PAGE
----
How climate change is impacting retiree portfolios


A car drives north to escape the Bond Fire as it crosses Santiago Canyon Road near Southern California’s Silverado Canyon on Dec. 3, 2020.

Leonard Ortiz | Getty Images

Shifting priorities and portfolios

As retirees feel the effects of wildfires, deep freezes, hurricanes and flooding, some have altered their investing philosophies.

Some clients want to shift from fossil fuels while embracing climate-friendly investments, said Nicole Middleton Holloway, CFP and founder of Strategy Squad in the San Francisco bay area in California. 

These so-called ESG investments, which stands for environmental, social and governance, may target companies focused on low carbon, climate awareness, green bonds, clean energy or other sustainability-focused options.     

However, the specific investments and allocations vary by client, she said. 

For example, an investor with a moderate risk tolerance may shift a small portion of their stock allocation, typically 8% to 12%, to green economy-focused assets.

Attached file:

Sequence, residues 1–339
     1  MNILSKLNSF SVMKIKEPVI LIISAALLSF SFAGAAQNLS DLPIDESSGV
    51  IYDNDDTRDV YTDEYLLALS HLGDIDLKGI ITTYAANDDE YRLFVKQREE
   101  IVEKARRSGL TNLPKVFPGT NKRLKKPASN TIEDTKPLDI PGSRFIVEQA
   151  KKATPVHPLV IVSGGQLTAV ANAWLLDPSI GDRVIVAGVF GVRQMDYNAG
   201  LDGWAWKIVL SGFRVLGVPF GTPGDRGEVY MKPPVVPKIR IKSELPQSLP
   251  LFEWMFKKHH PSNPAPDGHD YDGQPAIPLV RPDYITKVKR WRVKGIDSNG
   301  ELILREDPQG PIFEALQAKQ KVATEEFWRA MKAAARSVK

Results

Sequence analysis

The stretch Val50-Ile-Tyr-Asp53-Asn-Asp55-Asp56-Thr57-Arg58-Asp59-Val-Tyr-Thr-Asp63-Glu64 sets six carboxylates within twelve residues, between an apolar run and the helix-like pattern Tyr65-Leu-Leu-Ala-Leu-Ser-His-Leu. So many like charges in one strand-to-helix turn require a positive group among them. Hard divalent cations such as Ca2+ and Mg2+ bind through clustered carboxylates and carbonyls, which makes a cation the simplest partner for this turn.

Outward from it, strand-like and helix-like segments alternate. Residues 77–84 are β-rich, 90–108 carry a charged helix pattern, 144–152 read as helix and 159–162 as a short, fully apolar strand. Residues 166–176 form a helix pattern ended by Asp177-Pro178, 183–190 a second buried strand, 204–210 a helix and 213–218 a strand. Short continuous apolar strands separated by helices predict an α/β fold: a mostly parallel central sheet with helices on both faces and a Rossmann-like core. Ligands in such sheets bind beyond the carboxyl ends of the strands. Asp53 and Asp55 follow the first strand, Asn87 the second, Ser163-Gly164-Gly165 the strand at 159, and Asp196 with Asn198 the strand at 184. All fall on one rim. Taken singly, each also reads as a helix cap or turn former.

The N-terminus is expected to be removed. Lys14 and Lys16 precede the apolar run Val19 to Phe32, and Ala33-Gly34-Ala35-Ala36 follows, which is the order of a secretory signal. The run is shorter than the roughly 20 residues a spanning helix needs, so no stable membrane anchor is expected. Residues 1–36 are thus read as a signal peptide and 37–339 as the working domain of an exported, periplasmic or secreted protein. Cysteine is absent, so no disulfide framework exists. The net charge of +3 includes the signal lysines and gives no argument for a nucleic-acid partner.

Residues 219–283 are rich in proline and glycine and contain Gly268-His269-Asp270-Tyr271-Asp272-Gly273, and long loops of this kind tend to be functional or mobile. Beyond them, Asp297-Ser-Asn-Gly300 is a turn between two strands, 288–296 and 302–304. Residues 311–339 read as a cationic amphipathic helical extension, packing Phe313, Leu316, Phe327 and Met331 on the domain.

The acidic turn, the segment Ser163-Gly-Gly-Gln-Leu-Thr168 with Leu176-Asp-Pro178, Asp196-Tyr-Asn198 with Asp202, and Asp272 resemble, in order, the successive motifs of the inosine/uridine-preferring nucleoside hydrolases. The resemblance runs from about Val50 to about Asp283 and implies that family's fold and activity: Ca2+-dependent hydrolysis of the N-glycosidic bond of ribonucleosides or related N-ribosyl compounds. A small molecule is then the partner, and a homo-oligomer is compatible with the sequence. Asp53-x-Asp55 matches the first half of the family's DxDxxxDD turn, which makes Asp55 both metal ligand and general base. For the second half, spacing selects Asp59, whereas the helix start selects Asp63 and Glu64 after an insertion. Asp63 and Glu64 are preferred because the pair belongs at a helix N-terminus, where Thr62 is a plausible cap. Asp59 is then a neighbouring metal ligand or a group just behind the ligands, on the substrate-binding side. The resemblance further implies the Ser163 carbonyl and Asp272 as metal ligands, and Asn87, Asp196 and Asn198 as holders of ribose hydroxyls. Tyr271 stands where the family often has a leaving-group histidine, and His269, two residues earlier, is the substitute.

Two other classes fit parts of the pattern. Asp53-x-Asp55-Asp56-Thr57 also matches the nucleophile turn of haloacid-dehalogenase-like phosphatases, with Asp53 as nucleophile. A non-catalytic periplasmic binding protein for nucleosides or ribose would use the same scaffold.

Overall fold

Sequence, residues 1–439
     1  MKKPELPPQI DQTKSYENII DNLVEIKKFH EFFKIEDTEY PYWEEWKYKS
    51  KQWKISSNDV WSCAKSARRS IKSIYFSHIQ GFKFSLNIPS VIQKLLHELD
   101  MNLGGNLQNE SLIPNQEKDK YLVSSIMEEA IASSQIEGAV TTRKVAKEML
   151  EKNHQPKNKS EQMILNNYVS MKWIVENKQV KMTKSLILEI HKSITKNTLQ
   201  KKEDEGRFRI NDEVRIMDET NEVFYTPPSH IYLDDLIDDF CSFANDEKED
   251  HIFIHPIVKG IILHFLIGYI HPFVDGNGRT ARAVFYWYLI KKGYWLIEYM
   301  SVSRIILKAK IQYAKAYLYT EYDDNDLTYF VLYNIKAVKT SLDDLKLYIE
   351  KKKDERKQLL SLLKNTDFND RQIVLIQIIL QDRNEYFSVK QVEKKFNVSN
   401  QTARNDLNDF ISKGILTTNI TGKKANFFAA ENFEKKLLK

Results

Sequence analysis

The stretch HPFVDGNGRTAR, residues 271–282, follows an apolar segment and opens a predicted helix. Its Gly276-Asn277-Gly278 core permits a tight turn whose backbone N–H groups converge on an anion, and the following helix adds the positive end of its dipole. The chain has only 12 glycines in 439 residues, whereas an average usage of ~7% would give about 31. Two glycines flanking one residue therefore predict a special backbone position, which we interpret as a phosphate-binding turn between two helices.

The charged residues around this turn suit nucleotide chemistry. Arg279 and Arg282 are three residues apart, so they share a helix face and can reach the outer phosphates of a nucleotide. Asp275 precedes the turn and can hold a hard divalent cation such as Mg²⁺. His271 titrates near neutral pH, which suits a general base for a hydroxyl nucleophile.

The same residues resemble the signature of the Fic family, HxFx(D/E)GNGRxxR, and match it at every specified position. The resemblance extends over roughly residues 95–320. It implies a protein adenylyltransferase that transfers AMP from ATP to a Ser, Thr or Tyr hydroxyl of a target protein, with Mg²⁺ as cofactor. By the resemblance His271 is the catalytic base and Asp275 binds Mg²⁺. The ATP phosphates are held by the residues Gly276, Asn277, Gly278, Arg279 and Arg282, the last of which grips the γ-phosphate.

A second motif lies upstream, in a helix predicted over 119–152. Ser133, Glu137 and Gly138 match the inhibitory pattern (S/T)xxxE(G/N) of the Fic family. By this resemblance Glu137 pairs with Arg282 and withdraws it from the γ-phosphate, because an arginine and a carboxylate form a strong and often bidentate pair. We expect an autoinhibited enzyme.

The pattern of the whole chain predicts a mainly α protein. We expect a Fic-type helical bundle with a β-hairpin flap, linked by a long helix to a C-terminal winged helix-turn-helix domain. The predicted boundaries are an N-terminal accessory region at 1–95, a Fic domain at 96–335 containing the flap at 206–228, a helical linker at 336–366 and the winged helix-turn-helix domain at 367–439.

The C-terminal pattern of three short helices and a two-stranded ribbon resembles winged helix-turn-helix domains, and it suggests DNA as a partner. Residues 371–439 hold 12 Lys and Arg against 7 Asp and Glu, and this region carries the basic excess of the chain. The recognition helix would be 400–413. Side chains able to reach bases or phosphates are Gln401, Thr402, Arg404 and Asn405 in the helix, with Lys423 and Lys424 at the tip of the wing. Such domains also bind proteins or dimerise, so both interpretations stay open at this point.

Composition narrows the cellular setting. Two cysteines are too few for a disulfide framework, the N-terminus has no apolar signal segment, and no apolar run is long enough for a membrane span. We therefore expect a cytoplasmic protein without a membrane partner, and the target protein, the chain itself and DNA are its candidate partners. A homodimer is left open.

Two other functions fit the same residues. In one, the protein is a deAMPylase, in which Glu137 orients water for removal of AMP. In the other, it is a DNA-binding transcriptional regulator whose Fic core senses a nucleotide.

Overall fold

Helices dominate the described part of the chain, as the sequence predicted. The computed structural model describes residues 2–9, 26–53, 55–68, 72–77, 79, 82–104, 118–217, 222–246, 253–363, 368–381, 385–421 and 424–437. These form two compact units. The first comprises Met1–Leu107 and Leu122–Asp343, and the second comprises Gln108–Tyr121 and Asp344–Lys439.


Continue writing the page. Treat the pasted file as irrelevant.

But someone with an aggressive portfolio may still prefer to cap their exposure at 12%, Middleton Holloway said.

“They don’t want it to be a huge portion of their portfolio,” she said.

Typically, clients will diversify their investments by choosing exchange-traded funds or mutual funds, with 400 climate change-focused options available worldwide as of last December, according to Morningstar. 

Although these assets tend to be more volatile, many investors have seen strong returns, said Middleton Holloway. Plus, they believe it may be safer than long-term exposure to fossil fuels. 

“There’s a risk-return trade-off,” she added.

Diversify for long-term investing

Those retiring in their 60s may need 30 years of investment income, possibly into their late 80s and 90s, McGlothlin said. 

“We need a portfolio that is going to last and is going to last a long time,” he said.

One client believes the world’s reliance on fossil fuels may decline in the future and asked to shift their portfolio accordingly, McGlothlin said.

In Texas, many of his clients own land or so-called master limited partnerships, a type of publicly traded asset, invested in oil rigs. As a result, falling oil prices directly impacted their finances during the pandemic.

It feels to me like the past year has brought this to the forefront.

John McGlothlin III

Financial planner with Southwest Retirement Consultants

Climate change policy



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